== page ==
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April 12, 2011

Microsoft Plans Cloud Computing for Indian Colleges

THE CLOUD evangelism of Microsoft, spreading the good news of computing in remote servers connected over the Internet, and imparting skills needed for it, now targets Indias future campuses.

The government envisages doubling of enrollment to at least 30 per cent by the end of 2020. It would require 700 new universities and 35,000 colleges, human resource development minister Kapil Sibal has stated.

“ We want to partner and work with these universities and colleges,” Pratima Amonkar, director — academia at Microsoft India said. Evangelists are on the job, preaching the good news and reaping new souls. India currently has 480 universities and 22,000 colleges.

Microsoft has partnered with 350 of them, training their faculty and students.

“ The new institutions are expected to come up in smaller cities and towns on the margins of the academic map. So it opens up the opportunity to provide cloud- enabled content to promote access and equity,” Amonkar said.

“ The learning becomes no different for a student in a small town,” she added.

Cloud computing allows content like lectures and audio- visual material to be stored far away and accessed online with fairly simple campus computers.

Then it allows massive number-crunching on the lines of weather modelling or aerospace design. It can promote virtual global communities too.

“ Use your existing skills in the cloud,” Kattayil Rajinish Menon, a lead evangelist for Azure, the Windows platform for cloud, exhorted at a recent meet. To the listing students and techies he promised “ worldwide reach”. “ No need to buy servers or storage, manage network…”, he added.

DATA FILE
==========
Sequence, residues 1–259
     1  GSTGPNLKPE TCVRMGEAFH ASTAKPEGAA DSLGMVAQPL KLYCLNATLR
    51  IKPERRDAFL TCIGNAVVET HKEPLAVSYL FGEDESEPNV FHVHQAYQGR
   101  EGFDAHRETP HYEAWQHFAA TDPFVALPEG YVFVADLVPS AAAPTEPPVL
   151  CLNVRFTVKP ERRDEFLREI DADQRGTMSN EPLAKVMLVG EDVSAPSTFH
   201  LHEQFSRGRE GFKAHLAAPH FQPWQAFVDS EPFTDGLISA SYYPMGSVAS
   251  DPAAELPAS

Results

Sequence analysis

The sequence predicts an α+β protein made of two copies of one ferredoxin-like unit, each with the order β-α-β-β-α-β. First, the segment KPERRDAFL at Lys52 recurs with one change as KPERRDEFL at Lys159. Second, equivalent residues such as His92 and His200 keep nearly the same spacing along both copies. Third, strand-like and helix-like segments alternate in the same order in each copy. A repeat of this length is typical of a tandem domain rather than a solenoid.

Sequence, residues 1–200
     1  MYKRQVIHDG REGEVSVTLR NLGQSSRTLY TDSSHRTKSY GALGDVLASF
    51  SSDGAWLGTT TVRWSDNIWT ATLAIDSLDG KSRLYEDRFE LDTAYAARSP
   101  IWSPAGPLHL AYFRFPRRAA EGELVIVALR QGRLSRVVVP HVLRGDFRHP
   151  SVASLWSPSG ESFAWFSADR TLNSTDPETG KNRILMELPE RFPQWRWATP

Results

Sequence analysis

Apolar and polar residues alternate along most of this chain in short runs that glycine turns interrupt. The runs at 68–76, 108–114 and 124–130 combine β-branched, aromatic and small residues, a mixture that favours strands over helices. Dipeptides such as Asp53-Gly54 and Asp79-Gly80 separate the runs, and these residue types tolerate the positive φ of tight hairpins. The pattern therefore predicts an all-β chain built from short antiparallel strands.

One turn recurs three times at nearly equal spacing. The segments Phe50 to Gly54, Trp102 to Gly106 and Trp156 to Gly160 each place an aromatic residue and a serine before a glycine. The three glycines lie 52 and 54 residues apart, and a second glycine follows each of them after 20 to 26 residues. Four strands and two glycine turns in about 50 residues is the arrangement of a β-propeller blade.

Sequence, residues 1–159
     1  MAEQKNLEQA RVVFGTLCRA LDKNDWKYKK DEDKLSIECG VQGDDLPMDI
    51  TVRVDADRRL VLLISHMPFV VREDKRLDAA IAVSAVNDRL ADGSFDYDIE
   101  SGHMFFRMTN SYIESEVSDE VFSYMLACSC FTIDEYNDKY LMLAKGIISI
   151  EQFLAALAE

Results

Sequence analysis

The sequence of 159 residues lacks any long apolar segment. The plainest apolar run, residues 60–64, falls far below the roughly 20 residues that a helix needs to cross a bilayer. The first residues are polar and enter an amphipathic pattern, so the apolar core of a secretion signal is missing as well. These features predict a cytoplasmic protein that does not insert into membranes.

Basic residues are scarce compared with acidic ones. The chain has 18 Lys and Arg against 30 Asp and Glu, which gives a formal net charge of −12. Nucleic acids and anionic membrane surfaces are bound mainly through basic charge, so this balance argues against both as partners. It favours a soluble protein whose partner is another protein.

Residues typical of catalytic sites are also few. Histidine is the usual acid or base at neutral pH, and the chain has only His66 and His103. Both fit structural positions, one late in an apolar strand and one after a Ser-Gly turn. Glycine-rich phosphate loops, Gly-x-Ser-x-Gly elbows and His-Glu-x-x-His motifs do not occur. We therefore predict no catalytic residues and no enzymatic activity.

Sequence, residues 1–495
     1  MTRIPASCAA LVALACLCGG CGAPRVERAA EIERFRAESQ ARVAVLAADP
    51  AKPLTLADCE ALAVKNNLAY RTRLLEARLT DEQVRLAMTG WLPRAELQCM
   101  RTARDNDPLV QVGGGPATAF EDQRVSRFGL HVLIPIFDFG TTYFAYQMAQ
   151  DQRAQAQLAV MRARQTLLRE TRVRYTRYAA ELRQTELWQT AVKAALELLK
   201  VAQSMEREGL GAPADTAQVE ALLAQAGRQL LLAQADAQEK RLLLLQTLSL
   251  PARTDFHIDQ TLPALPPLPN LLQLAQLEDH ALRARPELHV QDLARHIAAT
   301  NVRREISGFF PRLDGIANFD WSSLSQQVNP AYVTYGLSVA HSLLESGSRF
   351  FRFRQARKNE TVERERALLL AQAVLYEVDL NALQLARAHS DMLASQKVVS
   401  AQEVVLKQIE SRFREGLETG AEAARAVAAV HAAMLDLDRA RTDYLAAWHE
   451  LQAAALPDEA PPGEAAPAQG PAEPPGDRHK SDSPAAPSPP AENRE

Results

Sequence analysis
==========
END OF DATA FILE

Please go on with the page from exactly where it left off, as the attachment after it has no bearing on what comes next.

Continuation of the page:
Converts countrywide are convinced.

“ The main advantage is that it can enable small devices like mobile phones to do specialist tasks,” Dr Pushpendra Singh, assistant professor at the India Institute of Information Technology – Delhi ( IIT- D), said.

At IIT- D some students develop applications that run in the cloud, while others learn its possibilities.

Singh finds it the right answer for emerging campuses.

Many are sceptical though. “ With only one percent of the nation on broadband, cloud computing is irrelevant for most citizens,” Sunil Abraham, executive director of the Centre for Internet and Society in Bangalore, said. “ In premier institutions in Mumbai, Delhi and Bangalore, usually the firewall blocks Facebook and YouTube because they cannot afford the bandwidth,” he added.

Abraham is unsparing: “ Microsoft is completely delusional if they think these institutions are going to adopt bandwidth heavy cloud computing.” Others say technology is just not enough.

“ Expanding knowledge depends on the solution architecture you create,” P. Vijayakumar, assistant professor at the Centre for Social and Organizational Leadership at the Tata Institute of Social Sciences in Mumbai said.

“ It means identifying clear phases for the use of whatever you create, making collaboration structures among academics, industries, technologists and a stress on process improvement with user feedback,” Vijayakumar explained. “ Only then you can scale up,” he added.

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